When I pull out the giant Gingerman my dad made for my mom, it reminds me of a tradition we used to share with our family, long before marriages and illnesses changed those holidays, making it difficult for us to get together. We would have an original gift-wrapping contest with various categories (“Best disguise of an obvious object,” “Best wrapping paper,” “Most unique”). Both adults and kids — we were all teens or in college — participated, spending hours dripping candle wax over a small, square box to create a faux candle or turning a rolled-up poster into a trumpet.

One year, after Mom had been making tiny stuffed gingerbread-man ornaments, Dad stitched up a giant one, leaving a small hole in its side where he hid a pair of earrings. It’s now the topper on one of my trees.

Other ornaments and decorations remind me of special times and people. An Eiffel Tower or dangling piece from Japan recall trips Rick and I have enjoyed together. The creche my parents bought in Mexico has a spot, along with the Santa my friend Mary Jane made for me several years before she passed. They’re all part of my Christmas and they will all be on the tree or in my home, no matter where I might one day live.

When Rick and I joined forces, his boys were quite young. That’s when we started the Christmas Eve cookie decorating tradition. I made the cut-outs ahead of time and after our dinner was tidied up, we’d get out the frosting and go to town. Some of the creations were artistic and elegant. Some were just obnoxious sugar bombs. The cookies would end up as dessert the next day, with some headed off to their mom, others shared with friends or neighbors.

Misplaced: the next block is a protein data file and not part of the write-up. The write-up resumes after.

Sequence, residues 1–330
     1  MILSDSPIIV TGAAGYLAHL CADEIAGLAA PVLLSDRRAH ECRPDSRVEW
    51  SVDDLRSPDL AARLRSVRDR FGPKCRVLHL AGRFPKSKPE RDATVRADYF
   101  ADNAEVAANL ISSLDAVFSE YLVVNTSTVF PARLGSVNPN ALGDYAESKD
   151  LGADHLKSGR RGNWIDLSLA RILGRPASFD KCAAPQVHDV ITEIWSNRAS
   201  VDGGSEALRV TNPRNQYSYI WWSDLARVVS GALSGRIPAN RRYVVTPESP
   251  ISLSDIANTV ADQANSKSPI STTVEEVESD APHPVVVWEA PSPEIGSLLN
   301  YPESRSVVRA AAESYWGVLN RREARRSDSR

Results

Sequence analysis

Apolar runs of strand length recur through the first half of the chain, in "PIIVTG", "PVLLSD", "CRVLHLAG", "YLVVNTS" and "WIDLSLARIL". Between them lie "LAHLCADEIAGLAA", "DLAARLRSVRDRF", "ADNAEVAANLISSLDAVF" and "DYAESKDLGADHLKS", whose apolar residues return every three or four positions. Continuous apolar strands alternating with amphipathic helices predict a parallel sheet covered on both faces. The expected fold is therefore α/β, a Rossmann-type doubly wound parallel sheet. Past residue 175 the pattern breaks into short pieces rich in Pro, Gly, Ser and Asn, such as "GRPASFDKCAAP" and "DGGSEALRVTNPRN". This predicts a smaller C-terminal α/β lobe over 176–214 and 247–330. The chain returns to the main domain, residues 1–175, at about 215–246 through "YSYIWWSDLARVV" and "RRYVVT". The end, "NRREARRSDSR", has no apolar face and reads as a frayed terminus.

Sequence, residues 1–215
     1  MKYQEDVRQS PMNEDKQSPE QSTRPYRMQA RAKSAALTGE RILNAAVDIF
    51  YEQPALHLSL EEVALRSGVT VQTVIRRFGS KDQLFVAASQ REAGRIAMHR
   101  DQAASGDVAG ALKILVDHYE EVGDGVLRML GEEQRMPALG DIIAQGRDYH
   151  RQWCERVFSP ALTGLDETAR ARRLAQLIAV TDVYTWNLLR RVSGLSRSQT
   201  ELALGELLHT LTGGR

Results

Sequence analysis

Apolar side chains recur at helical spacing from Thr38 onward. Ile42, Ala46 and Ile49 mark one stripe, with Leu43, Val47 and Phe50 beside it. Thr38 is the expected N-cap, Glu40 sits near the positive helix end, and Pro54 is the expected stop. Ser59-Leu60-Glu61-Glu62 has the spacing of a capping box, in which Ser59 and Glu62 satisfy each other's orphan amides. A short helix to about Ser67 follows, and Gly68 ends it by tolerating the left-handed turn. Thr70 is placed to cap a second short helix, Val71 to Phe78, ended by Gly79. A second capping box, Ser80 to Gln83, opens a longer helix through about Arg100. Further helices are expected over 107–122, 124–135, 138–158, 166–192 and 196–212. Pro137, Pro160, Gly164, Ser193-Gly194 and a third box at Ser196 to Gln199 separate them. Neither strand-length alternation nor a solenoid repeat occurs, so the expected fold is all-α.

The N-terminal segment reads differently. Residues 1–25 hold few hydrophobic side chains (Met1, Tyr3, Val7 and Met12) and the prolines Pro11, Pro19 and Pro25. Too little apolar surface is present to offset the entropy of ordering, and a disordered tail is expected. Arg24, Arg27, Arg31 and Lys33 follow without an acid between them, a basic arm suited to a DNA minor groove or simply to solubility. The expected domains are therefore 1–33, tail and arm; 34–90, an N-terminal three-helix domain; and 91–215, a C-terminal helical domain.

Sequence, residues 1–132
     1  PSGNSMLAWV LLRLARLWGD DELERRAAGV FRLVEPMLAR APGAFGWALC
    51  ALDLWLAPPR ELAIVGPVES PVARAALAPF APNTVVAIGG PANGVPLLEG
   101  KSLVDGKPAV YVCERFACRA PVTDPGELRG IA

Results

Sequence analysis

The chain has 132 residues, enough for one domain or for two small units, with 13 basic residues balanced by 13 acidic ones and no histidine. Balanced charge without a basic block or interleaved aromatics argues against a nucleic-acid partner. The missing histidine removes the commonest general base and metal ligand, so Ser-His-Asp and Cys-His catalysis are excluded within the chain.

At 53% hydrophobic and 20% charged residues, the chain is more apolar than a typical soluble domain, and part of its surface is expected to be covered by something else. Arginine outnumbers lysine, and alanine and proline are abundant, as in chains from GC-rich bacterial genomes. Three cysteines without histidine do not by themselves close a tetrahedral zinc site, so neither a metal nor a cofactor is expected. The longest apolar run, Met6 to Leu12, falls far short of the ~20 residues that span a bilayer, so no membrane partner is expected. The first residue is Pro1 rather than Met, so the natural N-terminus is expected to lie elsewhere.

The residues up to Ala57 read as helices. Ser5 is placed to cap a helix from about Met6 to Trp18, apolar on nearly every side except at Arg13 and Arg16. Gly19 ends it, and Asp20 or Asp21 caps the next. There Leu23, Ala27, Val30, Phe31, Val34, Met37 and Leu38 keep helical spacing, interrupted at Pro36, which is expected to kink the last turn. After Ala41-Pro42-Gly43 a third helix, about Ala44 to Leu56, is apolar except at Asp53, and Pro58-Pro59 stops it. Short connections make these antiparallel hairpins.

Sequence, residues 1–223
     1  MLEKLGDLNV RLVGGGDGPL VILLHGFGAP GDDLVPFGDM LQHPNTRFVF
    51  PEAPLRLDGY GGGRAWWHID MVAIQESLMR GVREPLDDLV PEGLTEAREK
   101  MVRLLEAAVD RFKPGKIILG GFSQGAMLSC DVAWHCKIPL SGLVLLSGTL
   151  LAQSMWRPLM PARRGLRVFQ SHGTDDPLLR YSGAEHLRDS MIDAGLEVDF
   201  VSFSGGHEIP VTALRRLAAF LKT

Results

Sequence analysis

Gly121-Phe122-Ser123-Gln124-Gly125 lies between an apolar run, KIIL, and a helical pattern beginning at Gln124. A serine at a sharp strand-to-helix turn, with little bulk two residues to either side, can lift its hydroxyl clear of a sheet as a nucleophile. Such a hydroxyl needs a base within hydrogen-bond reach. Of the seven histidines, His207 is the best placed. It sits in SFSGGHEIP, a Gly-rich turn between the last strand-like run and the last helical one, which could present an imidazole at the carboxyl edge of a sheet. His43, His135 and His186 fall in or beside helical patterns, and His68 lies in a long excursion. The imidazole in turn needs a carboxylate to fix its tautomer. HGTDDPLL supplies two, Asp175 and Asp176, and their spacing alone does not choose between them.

Those boys are grown now and one even has two boys of his own. And we still do cookies. It may not be on “official” Christmas Eve. But we’ll gather at the table, cups filled with colorful frosting and enjoy our time together.

That’s the other thing. Traditions evolve over time. Families expand and we learn to “share” those we love with others. But we hold tight to the feelings, the essence of the holiday.

My Cleveland cousins started a new shopping tradition several years ago when getting presents for the extended family of 17 or more became a financial nightmare. With all the children as adults now, this became a fun, easy way to cut down expenses. Each person would get a one, five, ten, and twenty dollar gift that could go to a male or female. These would be exchanged by drawing numbers. They would draw a name for a special present in the thirty dollar zone for one person.